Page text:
The Wesley College Song Book
Wesley College is a co-educational college in Melbourne, Australia, founded in 1865. It caters for students from Prep to Year 12. It is affiliated with the Uniting Church, having started as an educational institution within the Methodist Church.
The Wesley College Song Book has been a part of College life dating from 1893. Singing was historically a strong part of the Methodist tradition, as John and Charles Wesley wrote several hundred hymns. To complement hymns used in worship, the Wesley College Song Book contains more contemporary and largely secular musical works. College songs remain a feature of special assemblies, celebrations and Alumni reunions to the present day. These works are remarkable as a collection. Few schools have such a variety of vocal works to draw upon.
The 150th anniversary of the College rapidly approaches. Wesley College's Principal, Dr. Helen Drennen, has commissioned a new edition of the Song Book for publication. Over the decades some songs have fallen out of popularity and have been omitted.
Additionally, newer songs have been introduced to commemorate significant events or to capture the sentiments prevailing within College life. This website has been compiled as a historical collection, to prevent the loss of older musical works,
and to aggregate the total collection of Wesley Songs and their historical background in a consistent, accessible and convenient digital format.
The College Song Book survives in spite of considerable natural pressures. Teaching as a profession (like so many other professions) is becoming more itinerant. Therefore, first-hand knowledge of histories associated with schools songs falters in the absence of long-serving staff to pass on the history. Timetabling complexities of the current College preclude the luxury of school singing once a week or once a fortnight. There are few venues large enough to house an entire Wesley campus to experience the Songs sung en masse. The Methodist tradition of singing Wesleyan hymns has waned since the formation of the Uniting Church, and proponents of congregational singing are steadily dwindling. Another factor has been the advent of co-education. This introduces valuable precepts of gender equality and gender neutrality, but with the result that lyrics written long ago for a male demographic must be modified, effectively altering the historical settings familiar to alumni. Finally, College Songs hardly satisfy students' common preferences for heavily produced commercial tracks.
With each edition the Song Book is edited to keep publication costs down. This is pragmatic in the short-term, but threatens the completeness of the song collection from a historical perspective. One person's iconoclasm is another's history. In the process of editing the Wesley Song Book, many songs have been discarded. Some of these songs are well crafted and memorable, but have been removed because the heritage was not obvious, or due to having more songs than available pages. Some deleted songs are historically significant. Others marked the history of the College during World War I. These songs seem irrelevant today, unless we view the songs in tandem with the obituaries of Old Collegians - page after page - in the Chronicles of 1914-1919. Some songs have been removed owing to their poor musical quality or low appeal, yet these works still retain curiosity value. The editorial role for any Song Book is difficult because deletion becomes the modus operandus where there is a fixed budget, a finite printed page limit, and limited familiarity with of some of the songs.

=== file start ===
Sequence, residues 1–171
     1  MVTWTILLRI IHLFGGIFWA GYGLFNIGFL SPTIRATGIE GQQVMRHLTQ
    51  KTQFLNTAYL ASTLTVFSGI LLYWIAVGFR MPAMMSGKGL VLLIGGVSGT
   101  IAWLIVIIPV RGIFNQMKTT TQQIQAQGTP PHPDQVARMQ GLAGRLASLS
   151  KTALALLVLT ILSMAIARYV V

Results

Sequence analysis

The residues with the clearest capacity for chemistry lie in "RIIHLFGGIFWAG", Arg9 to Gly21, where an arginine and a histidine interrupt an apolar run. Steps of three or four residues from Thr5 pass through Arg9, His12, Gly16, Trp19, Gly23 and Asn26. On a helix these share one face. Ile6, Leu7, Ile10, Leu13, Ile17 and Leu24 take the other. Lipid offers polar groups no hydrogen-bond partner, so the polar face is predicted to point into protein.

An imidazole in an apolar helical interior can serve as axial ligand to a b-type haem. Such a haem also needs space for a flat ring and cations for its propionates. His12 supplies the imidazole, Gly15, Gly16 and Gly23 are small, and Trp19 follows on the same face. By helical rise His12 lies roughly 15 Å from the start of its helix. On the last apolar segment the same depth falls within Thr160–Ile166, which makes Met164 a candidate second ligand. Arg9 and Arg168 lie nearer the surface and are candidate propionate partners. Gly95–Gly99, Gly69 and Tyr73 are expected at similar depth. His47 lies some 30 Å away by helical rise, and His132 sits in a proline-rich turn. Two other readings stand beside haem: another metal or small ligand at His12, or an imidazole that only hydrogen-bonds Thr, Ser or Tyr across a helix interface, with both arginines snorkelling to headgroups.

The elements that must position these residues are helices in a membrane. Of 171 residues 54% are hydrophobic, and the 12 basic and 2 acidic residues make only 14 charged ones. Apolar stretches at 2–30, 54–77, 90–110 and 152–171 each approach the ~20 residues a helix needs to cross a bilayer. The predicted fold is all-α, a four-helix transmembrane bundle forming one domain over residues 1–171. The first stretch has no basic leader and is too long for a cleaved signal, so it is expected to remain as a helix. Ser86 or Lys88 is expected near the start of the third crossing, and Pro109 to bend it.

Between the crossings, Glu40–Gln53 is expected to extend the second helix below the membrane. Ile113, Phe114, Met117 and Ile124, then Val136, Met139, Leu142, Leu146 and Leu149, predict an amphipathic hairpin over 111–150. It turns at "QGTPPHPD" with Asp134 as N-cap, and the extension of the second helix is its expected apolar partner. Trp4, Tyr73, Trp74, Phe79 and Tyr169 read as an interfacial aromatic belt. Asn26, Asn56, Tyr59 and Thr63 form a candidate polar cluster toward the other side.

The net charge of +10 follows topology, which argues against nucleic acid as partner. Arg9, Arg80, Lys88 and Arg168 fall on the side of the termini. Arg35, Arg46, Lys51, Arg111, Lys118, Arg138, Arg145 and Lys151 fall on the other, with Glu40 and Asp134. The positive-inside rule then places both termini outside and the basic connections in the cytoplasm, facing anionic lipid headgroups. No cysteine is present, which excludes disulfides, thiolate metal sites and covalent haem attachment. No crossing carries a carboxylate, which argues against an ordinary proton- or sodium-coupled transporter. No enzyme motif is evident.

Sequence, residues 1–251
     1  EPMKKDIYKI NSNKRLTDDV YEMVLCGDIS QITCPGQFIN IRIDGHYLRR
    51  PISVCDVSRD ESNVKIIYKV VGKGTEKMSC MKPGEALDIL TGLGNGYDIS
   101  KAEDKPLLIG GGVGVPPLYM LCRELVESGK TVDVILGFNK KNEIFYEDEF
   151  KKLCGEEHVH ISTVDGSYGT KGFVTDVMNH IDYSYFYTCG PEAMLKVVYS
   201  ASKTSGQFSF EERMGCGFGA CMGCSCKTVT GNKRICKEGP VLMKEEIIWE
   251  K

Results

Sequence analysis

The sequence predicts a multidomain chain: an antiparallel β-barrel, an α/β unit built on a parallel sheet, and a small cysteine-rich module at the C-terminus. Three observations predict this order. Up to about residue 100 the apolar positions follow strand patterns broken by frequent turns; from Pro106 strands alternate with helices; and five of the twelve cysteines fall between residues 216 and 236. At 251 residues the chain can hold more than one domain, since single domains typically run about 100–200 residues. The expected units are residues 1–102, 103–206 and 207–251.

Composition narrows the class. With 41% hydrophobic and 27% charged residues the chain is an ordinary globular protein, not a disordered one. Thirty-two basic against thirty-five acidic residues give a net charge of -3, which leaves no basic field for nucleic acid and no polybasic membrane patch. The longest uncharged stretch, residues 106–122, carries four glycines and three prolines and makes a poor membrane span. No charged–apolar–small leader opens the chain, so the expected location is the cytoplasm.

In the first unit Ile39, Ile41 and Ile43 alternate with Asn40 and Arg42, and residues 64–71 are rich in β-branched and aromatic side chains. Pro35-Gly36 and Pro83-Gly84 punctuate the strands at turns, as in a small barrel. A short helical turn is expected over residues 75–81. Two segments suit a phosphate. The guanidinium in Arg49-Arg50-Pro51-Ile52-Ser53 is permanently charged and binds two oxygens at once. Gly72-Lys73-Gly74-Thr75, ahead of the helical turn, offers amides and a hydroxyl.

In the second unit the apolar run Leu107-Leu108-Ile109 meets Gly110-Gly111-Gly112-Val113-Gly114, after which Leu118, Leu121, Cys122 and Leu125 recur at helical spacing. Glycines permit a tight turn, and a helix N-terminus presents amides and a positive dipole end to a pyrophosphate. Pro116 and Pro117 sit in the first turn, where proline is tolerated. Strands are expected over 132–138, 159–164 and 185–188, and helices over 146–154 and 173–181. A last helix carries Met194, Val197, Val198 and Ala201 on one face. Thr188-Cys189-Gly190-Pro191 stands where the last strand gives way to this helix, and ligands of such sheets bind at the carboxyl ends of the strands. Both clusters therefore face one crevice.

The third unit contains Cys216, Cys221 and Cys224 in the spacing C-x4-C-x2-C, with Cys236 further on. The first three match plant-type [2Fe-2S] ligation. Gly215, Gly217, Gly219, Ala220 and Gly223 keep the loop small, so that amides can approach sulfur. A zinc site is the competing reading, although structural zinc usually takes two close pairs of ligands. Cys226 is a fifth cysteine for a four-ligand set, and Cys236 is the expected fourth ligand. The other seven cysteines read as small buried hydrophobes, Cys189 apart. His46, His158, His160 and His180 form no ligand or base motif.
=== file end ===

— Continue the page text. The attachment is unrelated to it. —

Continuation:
Despite the above difficulties, there is no small joy in hearing a group of people of a common bond singing a song. The voice is the natural instrument. These songs in themselves are uplifting. The messages within the lyrics describe the common values and life of the College. Wesley College Songs are inexorably linked to the spirit and history of the College itself.
This website is designed to be a repository of a vast body of work - minus the limitations of the print edition. Hopefully here the musical traditions and historical legacy of the College can be retained, free from cost-driven constraints.
This website is dedicated to anyone who is interested in Wesley College and its rich musical heritage - especially to those who were lucky enough to be educated at "The Best School of All", and who have sung these songs at some moment of their lives.
"We'll give a toast - The School we love! - May Wesley ever thrive!"
Stephen Smith (OW1979),
About the author:
Stephen Smith left Wesley in 1979 and studied Medicine and Arts at Melbourne University. He and his family ended their association with Wesley College in 2009.